China calls on US to meet it 'halfway' on trade

Beijing on Wednesday called on Washington to meet it "halfway” in negotiations to end a protracted trade war after President TrumpDonald TrumpHead of firms that pushed 'Italygate' theory falsely claimed VA mansion was her home: report Centrists gain foothold in infrastructure talks; cyber attacks at center of Biden-Putin meeting VA moving to cover gender affirmation surgery through department health care MORE said he had to “take China on.” 

Chinese Foreign Ministry spokesman Geng Shuang expressed hope to reporters that Washington can “get along with us” and restore “mutually beneficial” trade, according to The Associated Press


“We hope the United States will meet China halfway,” added Geng, adding that Beijing wanted to “work out a resolution that is acceptable to both sides on the basis of mutual respect and equal treatment.”

Washington and Beijing are currently embroiled in a burgeoning trade dispute that has led to tit-for-tat tariffs on billions of dollars’ worth of goods. Negotiations last month in Shanghai proved fruitless, though another round of talks is planned in Washington next month.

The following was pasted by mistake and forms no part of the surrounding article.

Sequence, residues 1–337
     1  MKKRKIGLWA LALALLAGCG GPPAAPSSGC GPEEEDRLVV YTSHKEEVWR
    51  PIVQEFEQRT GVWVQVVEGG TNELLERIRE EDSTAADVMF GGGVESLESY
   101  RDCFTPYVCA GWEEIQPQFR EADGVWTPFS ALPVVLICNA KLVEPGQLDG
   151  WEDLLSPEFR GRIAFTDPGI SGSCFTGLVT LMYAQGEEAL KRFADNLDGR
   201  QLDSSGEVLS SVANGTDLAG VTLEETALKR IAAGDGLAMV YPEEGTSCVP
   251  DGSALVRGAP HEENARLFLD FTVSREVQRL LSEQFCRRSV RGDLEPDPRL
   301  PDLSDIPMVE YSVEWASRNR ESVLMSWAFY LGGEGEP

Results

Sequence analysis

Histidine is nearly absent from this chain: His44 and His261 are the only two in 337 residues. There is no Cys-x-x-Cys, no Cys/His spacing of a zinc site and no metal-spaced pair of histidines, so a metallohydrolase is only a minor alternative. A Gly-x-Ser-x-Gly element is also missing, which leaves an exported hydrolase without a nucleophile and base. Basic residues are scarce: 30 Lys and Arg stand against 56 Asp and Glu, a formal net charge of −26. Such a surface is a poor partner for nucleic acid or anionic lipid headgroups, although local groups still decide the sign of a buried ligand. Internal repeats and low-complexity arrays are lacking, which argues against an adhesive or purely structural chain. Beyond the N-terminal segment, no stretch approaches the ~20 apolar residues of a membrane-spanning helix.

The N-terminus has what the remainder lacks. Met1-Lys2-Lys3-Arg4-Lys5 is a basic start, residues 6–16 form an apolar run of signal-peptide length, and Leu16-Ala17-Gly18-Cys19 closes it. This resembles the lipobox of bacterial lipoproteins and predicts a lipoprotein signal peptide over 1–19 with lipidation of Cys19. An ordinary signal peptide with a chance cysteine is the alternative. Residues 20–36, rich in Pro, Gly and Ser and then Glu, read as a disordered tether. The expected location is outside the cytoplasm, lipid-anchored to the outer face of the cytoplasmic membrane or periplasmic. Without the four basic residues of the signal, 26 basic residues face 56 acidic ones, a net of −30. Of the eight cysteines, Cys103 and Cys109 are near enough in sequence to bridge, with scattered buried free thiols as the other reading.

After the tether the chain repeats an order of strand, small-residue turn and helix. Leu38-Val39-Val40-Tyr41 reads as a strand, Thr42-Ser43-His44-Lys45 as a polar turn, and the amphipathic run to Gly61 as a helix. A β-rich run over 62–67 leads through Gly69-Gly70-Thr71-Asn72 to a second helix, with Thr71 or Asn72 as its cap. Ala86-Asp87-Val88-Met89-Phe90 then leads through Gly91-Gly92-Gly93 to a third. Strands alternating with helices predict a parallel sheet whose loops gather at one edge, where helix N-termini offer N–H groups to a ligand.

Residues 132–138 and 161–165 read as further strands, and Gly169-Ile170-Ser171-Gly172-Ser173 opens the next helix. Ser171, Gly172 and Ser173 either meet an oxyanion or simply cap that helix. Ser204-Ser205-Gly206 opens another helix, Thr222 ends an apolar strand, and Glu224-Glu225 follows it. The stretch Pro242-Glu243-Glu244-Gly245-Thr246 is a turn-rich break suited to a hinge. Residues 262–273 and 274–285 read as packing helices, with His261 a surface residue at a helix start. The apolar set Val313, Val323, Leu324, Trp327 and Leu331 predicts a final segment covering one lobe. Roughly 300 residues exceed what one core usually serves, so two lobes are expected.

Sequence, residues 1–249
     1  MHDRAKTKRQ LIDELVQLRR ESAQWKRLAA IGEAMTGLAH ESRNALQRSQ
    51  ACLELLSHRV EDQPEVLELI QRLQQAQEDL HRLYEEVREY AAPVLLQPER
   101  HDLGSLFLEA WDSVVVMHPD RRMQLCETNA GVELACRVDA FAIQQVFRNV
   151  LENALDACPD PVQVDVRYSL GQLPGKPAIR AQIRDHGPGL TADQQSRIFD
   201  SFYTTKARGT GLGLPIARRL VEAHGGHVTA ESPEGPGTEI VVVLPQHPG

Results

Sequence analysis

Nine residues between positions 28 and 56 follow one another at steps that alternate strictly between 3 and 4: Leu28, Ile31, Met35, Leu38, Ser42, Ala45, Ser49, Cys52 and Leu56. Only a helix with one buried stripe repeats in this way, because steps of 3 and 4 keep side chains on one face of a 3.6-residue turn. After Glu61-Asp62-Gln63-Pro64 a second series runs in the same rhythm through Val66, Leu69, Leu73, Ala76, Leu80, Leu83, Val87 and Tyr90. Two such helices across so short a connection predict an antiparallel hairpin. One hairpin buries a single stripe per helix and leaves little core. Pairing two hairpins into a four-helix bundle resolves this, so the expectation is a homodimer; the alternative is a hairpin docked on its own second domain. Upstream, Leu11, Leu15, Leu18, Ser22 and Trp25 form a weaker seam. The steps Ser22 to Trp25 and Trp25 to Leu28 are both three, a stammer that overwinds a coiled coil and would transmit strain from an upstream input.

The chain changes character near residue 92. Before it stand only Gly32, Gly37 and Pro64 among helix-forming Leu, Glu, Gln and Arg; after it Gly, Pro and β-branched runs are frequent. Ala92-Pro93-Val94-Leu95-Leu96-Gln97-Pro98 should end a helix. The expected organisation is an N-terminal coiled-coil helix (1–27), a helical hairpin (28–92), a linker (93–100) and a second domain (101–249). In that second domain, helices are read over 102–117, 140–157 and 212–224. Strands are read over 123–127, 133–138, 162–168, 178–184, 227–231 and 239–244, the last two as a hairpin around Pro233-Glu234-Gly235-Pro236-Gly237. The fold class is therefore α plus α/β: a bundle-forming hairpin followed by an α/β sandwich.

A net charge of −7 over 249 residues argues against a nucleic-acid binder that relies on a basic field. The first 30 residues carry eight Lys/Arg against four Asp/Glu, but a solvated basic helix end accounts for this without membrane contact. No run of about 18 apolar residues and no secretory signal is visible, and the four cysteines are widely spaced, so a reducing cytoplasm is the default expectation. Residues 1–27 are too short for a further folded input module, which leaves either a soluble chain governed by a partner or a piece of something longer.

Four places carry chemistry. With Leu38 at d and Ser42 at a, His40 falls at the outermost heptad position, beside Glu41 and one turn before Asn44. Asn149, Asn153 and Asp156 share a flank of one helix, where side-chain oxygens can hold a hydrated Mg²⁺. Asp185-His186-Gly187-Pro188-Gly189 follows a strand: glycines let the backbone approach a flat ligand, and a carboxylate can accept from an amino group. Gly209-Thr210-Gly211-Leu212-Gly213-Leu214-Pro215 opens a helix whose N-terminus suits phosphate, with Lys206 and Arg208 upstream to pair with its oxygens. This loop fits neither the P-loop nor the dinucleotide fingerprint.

One sticking point in negotiations is the status of the tariffs, which China says must be lifted upon the implementation of any agreement. The U.S., however, demands that some stay in place to pressure Beijing to live up to any commitments it makes. 

The ongoing trade war has fueled fears that the U.S. economy is heading toward a recession, though Trump has shown no signs of backing down. 

“I am doing this whether it’s good or bad for your statement about, ‘Oh, will we fall into a recession for two months?’ The fact is, somebody had to take China on,” Trump told reporters Tuesday.

“Whether it’s good for our country or bad for our country, short term, it had to be done,” he added. “Someone had to take on what China was doing to the United States economically.” 

Markets were rattled earlier this month when Trump declared plans to put a 10 percent tax on an additional $300 billion worth of Chinese imports starting in September, though the president decided to delay some of the levies after swift backlash, saying he did not want to cause economic concerns during the holiday season.